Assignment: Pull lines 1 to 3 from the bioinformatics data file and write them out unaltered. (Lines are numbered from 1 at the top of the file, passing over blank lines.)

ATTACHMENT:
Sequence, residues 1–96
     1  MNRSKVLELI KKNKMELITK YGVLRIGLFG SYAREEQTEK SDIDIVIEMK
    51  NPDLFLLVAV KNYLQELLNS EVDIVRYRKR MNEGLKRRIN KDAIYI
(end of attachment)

Sequence, residues 1–96
     1  MNRSKVLELI KKNKMELITK YGVLRIGLFG SYAREEQTEK SDIDIVIEMK
    51  NPDLFLLVAV KNYLQELLNS EVDIVRYRKR MNEGLKRRIN KDAIYI